Welcome return of old-fashioned musical

Welcome return of old-fashioned musical

By Katrina Ffiske

For instant escapism, run to Salisbury Playhouse to see Salad Days, a wonderfully nostalgic, magical musical.

Bryan Hodgson’s production is almost perfect in every way. “I am thrilled to be able to stage Salad Days again this autumn,” Bryan said. “It serves as one of the greatest romps in musical theatre history, and really brings us a timeless sense of enjoyment and nonsense, which is always welcome in counteracting the sometimes overwhelming seriousness of today.” The set is simple, the lighting warm and sunny, the costumes are yellows, greens and classical 50s, and we are instantly dropped into a happy past.

Lead characters Timothy (Mark Anderson) and Jane (Jessica Croll) graduate from University. They are under pressure from their parents to find a job and marry. Timothy’s mother has lined up a series of influential uncles to assist him, Jane’s mother a list of suitable dull suitors. Wanting to escape their parents plans, they seek other avenues. Fortuitously,  they meet a tramp who loans them a piano, named Minnie, which has magical powers: when played, anyone listening cannot resist dancing.

The tramp pays Timothy £7 a week to look after the piano, the graduates marry and their lives take a toe-tapping turn. Wonderful choreography by Joanne McShane has the large cast dancing in the park, Policemen waltzing, vicars cavorting. The energy carries the audience along, humming familiar songs such as ‘We Said We Wouldn’t Look Back,’ and ‘Look At Me, I’m Dancing.’  

Wendi Peters, Lewis McBean, Valerie Cutko and Jon Osbaldeston in Salad Days.

There are many eccentric scenes. We are dropped into Timothy’s mother’s hairdressers where Wendi Peters, playing a ‘Hyacinth Bucket’ character, answers two telephones, managing to get the stylists caught up in wires as nails are painted, hair is sprayed.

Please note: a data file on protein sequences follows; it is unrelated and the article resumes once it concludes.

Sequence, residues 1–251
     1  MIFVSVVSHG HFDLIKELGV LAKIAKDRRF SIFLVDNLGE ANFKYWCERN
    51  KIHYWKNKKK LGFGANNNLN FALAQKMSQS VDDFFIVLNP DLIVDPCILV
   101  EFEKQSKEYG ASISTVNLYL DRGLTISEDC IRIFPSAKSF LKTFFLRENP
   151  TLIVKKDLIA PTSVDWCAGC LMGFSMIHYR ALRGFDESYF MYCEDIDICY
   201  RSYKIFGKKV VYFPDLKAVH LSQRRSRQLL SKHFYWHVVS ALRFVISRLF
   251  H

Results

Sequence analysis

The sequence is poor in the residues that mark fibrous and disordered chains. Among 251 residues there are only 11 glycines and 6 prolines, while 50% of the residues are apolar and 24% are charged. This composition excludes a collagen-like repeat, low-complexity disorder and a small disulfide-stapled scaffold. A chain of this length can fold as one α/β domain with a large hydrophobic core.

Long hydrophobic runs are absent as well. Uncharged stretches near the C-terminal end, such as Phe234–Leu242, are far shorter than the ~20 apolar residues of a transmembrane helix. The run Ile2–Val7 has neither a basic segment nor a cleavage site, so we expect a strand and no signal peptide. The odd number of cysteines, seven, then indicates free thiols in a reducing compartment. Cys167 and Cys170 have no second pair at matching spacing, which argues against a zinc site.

A visit to capture an uncle on camera takes them to the club Cleopatra, where a hilarious Asphynxia, does a glittering cabaret act. Then there is the flying saucer scene in which an uncle arrives in his spaceship, they all sing infamous ‘The Saucers Song’ as they search London for the missing piano.

I know The Beatles were influenced by LSD when they wrote their lyrics. Salad Days is so wonderfully off-beat, I couldn’t help wondering what Slade and Reynolds were taking.

It was refreshing to have the musicians on stage: a bandstand at the back houses the piano, bass is played to the left, drums to the right. Dan Smith slickly plays the keys, conducts the band as well as playing the tramp. Julian Slade and Dorothy Reynolds wrote the play in 1954 when Slade was only 24, and Reynolds, also an actress, appeared in the first production. It was a roaring success, running for 2,283 performances. The Guide to Musical Theatre claims it has been playing somewhere in the world ever since.

Slade and Reynolds were obviously Shakespeare fans as the title Salad Days comes from a phrase in Anthony and Cleopatra. Cleopatra contemplates her youthful past and comments: ‘….My Salad Days, /When I was green in judgement…’. The term salad days now means enthusiasm, idealism and innocence – three words that sum up the musical.

The play, promoted by Wiltshire Creative, runs at The Playhouse, until October 27, and the tour continues.

Photos by Mark Senior.

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